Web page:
http://www.backyardchickens.com/t/116708/rabbit-killing-chickens

http://www.backyardchickens.com/t/426172/would-a-rabbit-kill-a-chicken

http://www.couriermail.com.au/news/killer-rabbits-butcher-snakes/news-story/4570ad5a68075dc93c0aa9f57ad3c81f

http://www.spiegel.de/international/zeitgeist/kill-the-wabbit-crazed-hare-attacks-austrian-couple-a-477537.html

I think it should also be worth noting that rabbits don't just kick and bite; they also headbutt, charge and scratch. It seems that the rabbit has enough weaponry in its disposal to effectively fight against the monkey's grappling capabilities. That being said, rabbits don't always fare very well against grappling opponents (mustelids come to mind...). I think there's also a good chance of the squirrel monkey winning through latching onto the lagomorph's back and biting it from there. The fact that the monkey doesn't perform such a tactic as much as mustelids in interspecific conflict could be troubling for it in this circumstance though, in that there could be a good chance of the rabbit also finishing the monkey off if the primate wasn't careful in its approach.

The rabbit does have a size advantage, but I wonder if that is necessary considering that lagomorphs don't always fare very well against grappling opponents?




I'll probably edit more of this post when I get back home on Saturday. Don't have a lot of free time at the moment.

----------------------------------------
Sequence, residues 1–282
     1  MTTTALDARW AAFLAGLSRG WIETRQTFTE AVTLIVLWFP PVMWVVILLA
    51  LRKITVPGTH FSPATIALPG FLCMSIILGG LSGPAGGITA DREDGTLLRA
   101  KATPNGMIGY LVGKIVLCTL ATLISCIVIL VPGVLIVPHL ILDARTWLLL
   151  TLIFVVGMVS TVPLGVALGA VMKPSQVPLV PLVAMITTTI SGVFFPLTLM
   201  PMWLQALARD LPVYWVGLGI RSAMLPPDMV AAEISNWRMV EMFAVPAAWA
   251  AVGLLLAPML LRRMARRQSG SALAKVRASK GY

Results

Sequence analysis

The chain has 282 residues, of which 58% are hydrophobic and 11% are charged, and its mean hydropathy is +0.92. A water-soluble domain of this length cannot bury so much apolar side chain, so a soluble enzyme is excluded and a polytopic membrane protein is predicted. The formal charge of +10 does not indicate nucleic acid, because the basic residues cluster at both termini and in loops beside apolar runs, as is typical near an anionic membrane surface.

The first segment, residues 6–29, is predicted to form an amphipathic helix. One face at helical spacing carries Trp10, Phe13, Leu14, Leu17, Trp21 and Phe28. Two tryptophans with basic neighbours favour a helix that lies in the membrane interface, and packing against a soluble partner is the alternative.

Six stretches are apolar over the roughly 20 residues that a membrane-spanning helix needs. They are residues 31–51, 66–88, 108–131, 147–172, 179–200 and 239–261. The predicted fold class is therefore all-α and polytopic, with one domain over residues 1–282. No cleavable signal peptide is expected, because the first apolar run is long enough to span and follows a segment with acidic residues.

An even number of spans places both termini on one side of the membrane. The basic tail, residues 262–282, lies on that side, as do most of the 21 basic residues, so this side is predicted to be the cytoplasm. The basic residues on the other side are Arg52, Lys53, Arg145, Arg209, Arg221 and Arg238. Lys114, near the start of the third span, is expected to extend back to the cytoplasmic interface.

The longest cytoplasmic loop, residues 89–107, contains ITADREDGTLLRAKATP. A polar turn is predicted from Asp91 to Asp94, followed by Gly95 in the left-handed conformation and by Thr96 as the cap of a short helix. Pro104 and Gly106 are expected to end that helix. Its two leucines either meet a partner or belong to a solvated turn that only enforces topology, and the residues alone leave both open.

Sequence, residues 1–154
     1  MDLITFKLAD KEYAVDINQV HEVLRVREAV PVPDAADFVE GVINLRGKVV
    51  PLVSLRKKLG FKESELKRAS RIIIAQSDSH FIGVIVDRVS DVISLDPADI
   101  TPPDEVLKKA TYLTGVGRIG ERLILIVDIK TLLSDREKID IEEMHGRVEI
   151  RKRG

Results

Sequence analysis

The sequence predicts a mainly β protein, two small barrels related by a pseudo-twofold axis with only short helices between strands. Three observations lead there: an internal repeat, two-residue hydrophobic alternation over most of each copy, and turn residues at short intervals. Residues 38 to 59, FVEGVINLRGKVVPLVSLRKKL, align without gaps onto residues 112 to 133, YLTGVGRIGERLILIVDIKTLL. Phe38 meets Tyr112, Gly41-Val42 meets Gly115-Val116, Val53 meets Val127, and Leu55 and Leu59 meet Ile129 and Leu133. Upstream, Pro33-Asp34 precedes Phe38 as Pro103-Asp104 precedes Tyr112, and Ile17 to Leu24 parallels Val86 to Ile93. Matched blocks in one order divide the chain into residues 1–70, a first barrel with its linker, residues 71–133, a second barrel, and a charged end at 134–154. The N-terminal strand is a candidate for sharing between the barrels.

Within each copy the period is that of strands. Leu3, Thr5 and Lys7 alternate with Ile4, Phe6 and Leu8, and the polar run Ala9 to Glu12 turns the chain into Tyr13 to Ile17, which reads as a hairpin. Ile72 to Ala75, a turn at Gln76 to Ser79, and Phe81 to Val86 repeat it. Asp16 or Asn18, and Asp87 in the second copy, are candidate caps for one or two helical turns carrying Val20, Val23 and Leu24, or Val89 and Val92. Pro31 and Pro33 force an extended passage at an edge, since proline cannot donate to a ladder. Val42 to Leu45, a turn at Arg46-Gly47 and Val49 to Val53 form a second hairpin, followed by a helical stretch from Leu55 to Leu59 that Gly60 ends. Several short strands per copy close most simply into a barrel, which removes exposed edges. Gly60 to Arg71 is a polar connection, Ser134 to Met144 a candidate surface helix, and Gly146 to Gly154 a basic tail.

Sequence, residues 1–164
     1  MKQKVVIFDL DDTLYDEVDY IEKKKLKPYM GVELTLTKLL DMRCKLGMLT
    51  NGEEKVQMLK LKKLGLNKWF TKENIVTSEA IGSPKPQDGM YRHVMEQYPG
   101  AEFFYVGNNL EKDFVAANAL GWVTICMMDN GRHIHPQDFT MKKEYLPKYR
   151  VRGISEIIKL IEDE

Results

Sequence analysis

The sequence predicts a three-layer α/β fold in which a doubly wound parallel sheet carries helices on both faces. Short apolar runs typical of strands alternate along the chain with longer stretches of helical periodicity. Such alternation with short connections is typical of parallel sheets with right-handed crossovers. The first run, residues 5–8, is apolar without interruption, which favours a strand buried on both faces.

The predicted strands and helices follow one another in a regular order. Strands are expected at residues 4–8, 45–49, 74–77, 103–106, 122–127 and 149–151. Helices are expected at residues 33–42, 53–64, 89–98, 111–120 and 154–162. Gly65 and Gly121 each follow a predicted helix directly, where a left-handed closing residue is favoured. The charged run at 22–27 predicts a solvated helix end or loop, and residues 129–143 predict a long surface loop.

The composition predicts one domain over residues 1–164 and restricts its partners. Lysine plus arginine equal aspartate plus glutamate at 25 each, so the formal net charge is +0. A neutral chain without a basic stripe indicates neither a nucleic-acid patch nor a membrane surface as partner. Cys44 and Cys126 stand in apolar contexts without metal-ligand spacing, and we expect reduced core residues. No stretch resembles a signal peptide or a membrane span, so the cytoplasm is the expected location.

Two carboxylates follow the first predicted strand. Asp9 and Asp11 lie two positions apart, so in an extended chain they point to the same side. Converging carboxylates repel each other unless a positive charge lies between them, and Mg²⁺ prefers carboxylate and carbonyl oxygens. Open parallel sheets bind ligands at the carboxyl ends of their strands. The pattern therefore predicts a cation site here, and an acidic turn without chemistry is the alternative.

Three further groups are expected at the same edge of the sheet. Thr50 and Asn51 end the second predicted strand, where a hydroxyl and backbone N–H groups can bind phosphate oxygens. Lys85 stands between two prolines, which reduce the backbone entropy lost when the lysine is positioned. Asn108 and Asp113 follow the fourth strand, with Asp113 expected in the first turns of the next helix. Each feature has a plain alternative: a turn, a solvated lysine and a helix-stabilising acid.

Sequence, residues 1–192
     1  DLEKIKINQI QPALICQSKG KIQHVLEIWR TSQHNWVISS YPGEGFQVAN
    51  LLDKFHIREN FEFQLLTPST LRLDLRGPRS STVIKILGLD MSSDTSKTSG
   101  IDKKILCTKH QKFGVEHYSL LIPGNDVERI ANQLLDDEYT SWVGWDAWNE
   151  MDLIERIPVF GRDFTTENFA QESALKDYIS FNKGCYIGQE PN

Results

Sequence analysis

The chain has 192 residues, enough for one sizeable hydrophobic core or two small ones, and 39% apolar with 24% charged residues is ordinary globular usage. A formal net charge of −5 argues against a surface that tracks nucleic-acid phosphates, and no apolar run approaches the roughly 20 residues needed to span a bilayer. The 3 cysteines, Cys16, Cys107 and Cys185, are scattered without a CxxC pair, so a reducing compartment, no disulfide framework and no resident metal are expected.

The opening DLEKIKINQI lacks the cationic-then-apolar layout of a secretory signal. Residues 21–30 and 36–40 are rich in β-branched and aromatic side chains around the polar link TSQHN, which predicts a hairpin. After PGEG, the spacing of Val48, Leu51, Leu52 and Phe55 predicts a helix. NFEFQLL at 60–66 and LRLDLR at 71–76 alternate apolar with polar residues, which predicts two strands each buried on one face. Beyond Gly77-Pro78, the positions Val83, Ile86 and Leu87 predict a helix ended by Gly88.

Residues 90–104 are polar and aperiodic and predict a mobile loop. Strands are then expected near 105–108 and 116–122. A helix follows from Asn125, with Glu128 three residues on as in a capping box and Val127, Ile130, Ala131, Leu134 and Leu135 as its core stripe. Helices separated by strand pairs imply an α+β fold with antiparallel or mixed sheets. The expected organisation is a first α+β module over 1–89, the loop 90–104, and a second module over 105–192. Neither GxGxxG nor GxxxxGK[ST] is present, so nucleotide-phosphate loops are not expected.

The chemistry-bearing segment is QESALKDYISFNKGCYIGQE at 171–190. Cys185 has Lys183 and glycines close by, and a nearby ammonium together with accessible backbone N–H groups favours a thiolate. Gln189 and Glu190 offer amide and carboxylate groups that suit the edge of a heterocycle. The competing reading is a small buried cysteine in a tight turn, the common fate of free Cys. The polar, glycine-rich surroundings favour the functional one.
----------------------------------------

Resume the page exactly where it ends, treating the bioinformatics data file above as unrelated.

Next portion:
Here, have a cute picture of a juvenile squirrel monkey and a domestic rabbit.

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Edited by Vivyx, Nov 23 2017, 02:47 AM.
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Ferreomus
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Vivyx
Oct 12 2017, 11:12 PM
Managed to get to a computer!

I think that this is a close fight and almost a 50/50, but I'm leaning slightly towards the rabbit.

Both seem to partake in vicious/violent intraspecific conflict:

"Aggression is extremely common and Surinamese squirrel monkeys often have disfiguring scars from fighting with group members (Boinski 1999; Boinski et al. 2002)."

"When mixed-sex troops are formed, high-ranking males fight fiercely to prevent solitary or peripheral males from joining the group (Boinski et al. 2005)."


http://pin.primate.wisc.edu/factsheets/entry/squirrel_monkey/behav

Rabbits can be extremely aggressive in the wild, and competition between males can often lead to severe injury and death. Although hostile displays are used, and males often squirt urine on challengers as a form of dominance, this nearly always enrages the challenger, resulting in immediate attack. Rabbits use their powerful back legs as weapons, kicking at an opponent's underside, as well as biting and scratching with the front paws